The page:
- PSG Asset Management thinks the current commodity boom will last longer.
- Because mining and oil companies have not invested enough in expanding their capacity, demand will likely outstrip supply for longer.
- But it's not every commodity stock that's appealing.
As mining companies post super profits, more investors are looking at the sector with new enthusiasm. Many asset managers increased their allocation to commodities at first sight of constrained supply, but the current commodity price boom has drawn even the attention of those who don't ordinarily like miners and oil companies.
During PSG's winter market update on Friday, Philip Wörz, investment analyst and fund manager at PSG Asset Management, pointed out that the price of copper has doubled since last year, crude oil prices are back around $70 a barrel, and even thermal coal has tripled since September 2020. The world is currently in the second bull market in commodities in 15 years.
Proponents of the super cycle say this trend is likely to last because of the strong demand for metals to support government's infrastructure drives and the appeal of commodities like copper to decarbonise economies.
But some are caught in the cautionary thinking that commodities move in boom-and-bust cycles. They worry about the possibility of history repeating itself, said Wörz. In past boom periods, mining companies like Glencore and Anglo went on a spending spree to increase their production capacity to the point that they flooded the market and the prices started falling. Shareholders weren't happy and called for the tightening of balance sheets, and because of this, investment in new capacity has fallen drastically in the industry.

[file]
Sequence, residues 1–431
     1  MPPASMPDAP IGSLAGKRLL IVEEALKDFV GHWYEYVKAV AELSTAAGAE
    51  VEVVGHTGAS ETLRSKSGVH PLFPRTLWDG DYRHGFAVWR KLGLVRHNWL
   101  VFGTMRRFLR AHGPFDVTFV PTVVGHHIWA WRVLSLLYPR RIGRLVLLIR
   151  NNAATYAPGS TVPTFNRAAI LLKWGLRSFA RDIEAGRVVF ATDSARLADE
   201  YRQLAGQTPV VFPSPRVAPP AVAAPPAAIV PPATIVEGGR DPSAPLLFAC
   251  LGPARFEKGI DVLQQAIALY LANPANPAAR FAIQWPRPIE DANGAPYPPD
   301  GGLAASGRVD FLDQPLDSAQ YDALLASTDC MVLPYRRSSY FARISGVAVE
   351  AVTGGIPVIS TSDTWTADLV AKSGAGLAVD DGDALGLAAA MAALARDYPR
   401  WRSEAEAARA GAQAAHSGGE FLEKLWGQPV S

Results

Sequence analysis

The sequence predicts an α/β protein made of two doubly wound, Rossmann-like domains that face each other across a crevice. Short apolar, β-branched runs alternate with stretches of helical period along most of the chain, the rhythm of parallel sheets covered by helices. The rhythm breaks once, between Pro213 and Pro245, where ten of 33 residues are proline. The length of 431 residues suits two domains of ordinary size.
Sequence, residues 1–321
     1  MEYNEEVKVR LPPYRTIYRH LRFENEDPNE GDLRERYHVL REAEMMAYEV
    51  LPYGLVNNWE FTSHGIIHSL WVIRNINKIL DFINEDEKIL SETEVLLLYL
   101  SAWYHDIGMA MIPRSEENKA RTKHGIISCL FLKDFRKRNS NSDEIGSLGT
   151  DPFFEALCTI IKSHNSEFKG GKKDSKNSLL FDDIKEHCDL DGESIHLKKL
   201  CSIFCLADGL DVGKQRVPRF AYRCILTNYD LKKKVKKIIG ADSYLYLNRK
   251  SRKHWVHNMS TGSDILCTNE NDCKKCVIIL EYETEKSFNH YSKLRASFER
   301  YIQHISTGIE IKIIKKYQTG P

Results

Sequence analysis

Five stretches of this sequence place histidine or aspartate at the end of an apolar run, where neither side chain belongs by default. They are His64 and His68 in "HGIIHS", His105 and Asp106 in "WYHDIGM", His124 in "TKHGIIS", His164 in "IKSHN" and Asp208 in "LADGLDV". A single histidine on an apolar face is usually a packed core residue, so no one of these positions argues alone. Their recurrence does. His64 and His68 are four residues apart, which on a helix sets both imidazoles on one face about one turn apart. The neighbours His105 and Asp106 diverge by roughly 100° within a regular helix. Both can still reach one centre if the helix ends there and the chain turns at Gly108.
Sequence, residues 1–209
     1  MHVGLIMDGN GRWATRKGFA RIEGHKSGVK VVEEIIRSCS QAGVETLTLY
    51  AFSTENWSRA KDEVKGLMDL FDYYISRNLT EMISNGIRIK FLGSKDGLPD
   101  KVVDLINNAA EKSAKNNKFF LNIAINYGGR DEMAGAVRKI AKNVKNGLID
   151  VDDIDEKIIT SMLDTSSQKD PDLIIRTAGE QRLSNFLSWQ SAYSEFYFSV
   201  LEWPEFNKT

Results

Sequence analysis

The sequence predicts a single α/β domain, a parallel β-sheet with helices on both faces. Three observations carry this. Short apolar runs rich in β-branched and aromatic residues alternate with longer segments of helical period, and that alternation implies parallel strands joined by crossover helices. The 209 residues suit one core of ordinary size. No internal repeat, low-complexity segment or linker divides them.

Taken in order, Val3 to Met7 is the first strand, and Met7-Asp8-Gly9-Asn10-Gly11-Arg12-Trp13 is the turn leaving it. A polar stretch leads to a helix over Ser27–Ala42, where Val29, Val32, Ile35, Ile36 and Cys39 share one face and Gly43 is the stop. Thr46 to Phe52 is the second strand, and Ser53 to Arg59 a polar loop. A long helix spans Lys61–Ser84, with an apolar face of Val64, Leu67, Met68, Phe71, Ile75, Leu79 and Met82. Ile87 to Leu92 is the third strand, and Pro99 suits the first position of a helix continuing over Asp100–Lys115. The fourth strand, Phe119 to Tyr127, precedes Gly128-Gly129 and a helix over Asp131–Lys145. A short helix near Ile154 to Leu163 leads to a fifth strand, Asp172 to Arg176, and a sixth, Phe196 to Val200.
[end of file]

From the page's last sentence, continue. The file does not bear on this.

But Wörz said PSG Asset Management thinks this time will be different. Because the industry isn't spending enough on bringing new capacity, it expects prices to stay high for quite some time. Also, the rise of environmental activism means many companies are cautious about opening new plants and mines, contributing to the supply and demand imbalances.
But PSG is putting its money where it sees higher demand lasting long into the future.
"From a demand side, the strong target for carbon reduction will require the aggressive rollouts of renewables. This transition is of huge scale and will require a lot of quantities of greener metals such as copper, cobalt, nickel, lithium, graphite," said Wörz.
Which commodity stocks is PSG looking at?
PSG Asset Management's strategy has always been to look for under-appreciated stocks that it can buy at significant discounts. In the case of commodity stocks right now, it thinks Shell ticks all the boxes.
Wörz notes Shell has been in the crosshairs of ESG activists and hostile governments. The oil price shocks of 2020 also made income investors hate it, pulling down its share price.
"[But] Shell has got an incredible marketing business, an unparalleled footprint of service stations. They've got 46 000 points of presence around the world. It's more locations than a Starbucks or McDonald's. And this is meant to grow to 55 000 points of presence by 2025," said Wörz.
Its liquified natural gas business is also huge and ready to serve a growing market.
The other commodity stock PSG is bullish on is Glencore. This is because the mining company is one of the largest low-cost producers of the green metals required for the energy transitions, such as copper, nickel and cobalt.
"Glencore, because of their regulatory investigations, has been trading at a big discount. But the company has taken the right steps to improve that. From a climate perspective, they've committed to getting to net-zero by 2050," said Wörz.
SA Inc. stocks to look at
But the investment universe that PSG thinks is attractive expands beyond oil and mining companies. The asset management firm is known for its optimism on companies operating locally, i.e. SA Inc. stocks.
Shaun Le Roux, portfolio manager at PSG Asset Management, said local stocks that the company is buying include ACI, Naspers, Discovery and Imperial.
It likes South African mid-cap companies in general, calling them a "sweet spot" because large asset managers often overlook them, and their stocks are cheap. ACI, in particular, stands out because about two-thirds of its profits are generated from the explosives and chemicals business.
It is also buying shipping companies, particularly dry bulk companies, since no new ships are being built.
"We initially we took pain on these positions in the likes of a Grindrod shipping. But more recently, our investment thesis and started to pay off … We expect exceptional cash returns from most of these companies," said Le Roux.